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Mental disorders on the rise in this social networking era


Last Saturday, October 10, was commemorated throughout the world as World Mental Health Day.

We do not have statistics on the incidence of mental illness in St Vincent and the Grenadines, but in the United Kingdom, one-in-four adults and one-in-10 children are likely to have a mental health problem in any given year.{{more}} International statistics also show that globally, mental disorders continue to increase, contributing significantly to morbidity, disability and premature mortality. There is no reason to suggest that the local statistics deviate very much from what has been recorded in the UK or around the world.

The theme for this year’s World Mental Health Day, which is led by the World Health Organization and began in 2006, is dignity.

St Vincent and the Grenadines (SVG) still has a long way to go before it can be said that, as a society, we treat our mentally ill with dignity. This state of affairs makes the situation for those faced with mental health problems worse, because scorn and social isolation makes it more difficult for them to safeguard their well-being and to seek help.

Here in SVG, the mental health centre at Villa is currently being renovated and upgraded. We welcome this long over due development; however, the centre also faces other critical challenges, including staffing. A release from the Ministry of Health in commemoration of World Mental Health Day, said emphasis is currently being placed on shifting the current focus of the public mental health services from the treatment of severe persistent mental illness to mental health promotion and prevention of mental disorders such as depression, substance related disorders and child and adolescent psychiatric disorders. This shift in focus to prevention is timely, and for a reason, which at first may seem counter-intuitive.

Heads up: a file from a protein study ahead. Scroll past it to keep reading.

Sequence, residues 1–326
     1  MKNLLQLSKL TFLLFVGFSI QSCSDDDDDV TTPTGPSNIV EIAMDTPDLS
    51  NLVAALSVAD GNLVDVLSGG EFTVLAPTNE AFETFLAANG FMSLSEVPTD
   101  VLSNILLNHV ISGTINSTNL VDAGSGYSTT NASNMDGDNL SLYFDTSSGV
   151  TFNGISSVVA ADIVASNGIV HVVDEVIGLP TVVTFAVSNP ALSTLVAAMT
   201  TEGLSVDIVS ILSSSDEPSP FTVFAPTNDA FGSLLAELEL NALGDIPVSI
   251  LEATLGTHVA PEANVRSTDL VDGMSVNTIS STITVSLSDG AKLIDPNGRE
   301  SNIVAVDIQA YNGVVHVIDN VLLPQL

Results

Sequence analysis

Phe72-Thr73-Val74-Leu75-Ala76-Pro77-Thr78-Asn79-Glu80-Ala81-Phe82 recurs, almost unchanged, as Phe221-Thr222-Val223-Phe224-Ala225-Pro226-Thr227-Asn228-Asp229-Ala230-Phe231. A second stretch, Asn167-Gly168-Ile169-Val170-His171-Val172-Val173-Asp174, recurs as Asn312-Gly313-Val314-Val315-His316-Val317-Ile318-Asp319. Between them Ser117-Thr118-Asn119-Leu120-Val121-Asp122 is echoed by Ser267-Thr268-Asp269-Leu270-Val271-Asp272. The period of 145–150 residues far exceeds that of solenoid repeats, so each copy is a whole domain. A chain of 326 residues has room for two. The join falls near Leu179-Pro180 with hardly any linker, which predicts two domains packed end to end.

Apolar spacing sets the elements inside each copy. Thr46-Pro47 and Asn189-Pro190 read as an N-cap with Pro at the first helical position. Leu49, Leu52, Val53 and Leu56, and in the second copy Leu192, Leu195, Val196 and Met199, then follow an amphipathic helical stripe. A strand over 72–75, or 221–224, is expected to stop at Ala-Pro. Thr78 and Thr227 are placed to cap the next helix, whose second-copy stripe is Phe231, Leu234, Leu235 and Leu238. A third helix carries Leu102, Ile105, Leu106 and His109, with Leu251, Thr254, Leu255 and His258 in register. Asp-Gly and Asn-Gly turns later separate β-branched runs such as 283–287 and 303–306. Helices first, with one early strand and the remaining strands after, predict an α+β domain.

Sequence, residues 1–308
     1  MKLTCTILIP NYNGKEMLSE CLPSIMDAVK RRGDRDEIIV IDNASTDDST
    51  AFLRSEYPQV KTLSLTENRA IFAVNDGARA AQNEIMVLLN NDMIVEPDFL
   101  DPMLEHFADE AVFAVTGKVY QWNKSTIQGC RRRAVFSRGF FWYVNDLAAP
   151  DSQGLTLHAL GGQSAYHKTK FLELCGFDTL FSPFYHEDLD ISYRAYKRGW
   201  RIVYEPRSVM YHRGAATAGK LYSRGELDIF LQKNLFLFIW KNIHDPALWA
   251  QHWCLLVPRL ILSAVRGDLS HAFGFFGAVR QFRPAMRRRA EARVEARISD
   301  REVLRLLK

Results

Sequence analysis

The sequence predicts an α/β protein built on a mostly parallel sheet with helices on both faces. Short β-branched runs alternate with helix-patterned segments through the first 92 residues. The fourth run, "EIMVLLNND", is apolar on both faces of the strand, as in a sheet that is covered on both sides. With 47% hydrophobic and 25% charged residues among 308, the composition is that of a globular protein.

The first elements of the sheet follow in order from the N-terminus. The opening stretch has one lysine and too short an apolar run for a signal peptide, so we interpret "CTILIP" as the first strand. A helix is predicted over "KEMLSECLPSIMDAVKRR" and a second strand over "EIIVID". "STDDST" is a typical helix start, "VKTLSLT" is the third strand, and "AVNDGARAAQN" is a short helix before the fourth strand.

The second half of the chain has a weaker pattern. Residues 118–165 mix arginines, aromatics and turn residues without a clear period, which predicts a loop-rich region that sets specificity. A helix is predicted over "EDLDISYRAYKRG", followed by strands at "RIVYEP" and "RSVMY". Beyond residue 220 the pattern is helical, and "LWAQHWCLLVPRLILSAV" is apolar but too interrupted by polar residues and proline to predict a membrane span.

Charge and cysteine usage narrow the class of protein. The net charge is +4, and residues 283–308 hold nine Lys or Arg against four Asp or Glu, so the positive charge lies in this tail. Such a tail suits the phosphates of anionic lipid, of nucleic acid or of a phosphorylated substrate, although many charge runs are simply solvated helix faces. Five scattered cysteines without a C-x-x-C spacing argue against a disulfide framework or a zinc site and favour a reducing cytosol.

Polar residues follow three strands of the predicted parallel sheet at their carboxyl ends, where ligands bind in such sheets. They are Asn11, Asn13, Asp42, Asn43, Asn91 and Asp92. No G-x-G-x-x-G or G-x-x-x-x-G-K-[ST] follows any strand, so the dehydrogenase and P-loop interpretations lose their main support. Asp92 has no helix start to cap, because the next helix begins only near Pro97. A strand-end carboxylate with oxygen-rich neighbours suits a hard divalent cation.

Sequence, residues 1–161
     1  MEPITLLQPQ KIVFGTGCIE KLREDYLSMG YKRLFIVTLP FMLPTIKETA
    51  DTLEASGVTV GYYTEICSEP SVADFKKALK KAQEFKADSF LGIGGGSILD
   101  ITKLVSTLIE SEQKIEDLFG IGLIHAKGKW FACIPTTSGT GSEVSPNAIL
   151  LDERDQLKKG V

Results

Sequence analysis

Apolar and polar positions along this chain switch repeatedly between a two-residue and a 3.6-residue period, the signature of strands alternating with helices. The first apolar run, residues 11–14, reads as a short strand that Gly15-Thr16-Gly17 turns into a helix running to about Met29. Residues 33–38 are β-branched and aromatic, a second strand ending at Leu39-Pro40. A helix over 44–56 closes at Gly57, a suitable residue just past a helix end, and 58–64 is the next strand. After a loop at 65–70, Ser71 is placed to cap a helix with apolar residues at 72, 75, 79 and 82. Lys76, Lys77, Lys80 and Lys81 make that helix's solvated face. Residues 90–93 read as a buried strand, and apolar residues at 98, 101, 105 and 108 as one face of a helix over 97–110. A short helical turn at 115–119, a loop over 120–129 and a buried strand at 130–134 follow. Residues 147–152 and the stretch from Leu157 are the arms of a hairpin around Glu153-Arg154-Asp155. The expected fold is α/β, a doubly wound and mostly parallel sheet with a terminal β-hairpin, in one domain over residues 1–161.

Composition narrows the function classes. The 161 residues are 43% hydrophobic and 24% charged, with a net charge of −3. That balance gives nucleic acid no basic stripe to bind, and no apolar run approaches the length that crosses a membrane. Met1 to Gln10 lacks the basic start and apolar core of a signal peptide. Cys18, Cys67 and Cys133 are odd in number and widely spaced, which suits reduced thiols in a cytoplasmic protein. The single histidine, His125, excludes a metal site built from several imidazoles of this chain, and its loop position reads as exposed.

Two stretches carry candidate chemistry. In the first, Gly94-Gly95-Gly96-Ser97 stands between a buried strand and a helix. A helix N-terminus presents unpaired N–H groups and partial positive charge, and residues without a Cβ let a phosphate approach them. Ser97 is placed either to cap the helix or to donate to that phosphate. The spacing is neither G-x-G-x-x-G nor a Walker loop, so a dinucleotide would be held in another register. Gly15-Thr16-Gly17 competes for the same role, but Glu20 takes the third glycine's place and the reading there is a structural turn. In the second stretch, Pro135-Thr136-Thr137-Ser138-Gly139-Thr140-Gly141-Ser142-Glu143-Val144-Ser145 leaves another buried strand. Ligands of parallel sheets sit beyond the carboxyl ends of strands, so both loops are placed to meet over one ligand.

An increasing number of our people, particularly our teenagers and young adults have accounts with social networking sites like Facebook, Twitter and Instagram, which are supposed to promote social interaction and camaraderie.

Researchers have, however, been finding that persons who frequently engage online are more vulnerable to depression, loneliness and low self-worth. According to the New York Post, in 2013, scientists at two German universities monitored 584 Facebook users and found one in three would feel worse after checking what their friends were up to — especially if their friends’ posts gave a favourable impression of their lives. Additionally, the studies show that young people, no matter how accomplished, are the most vulnerable.

We, therefore, need to be concerned, but awareness of our vulnerabilities is half the battle. We need to take a deliberate and proactive approach to guarding our mental health and that of our children, in much the same way as we look after our physical health. But the individual and families can do so much and no more.

The mental health services provided in SVG need to be significantly expanded and improved upon, so that all who find themselves in need of treatment can receive it with dignity. We too, the other members of society, should examine our attitudes to the mentally ill. Are we willing to hire former patients in our businesses? Do we welcome them back into our homes, families or circles of friendship? Just a few questions we need to ask ourselves.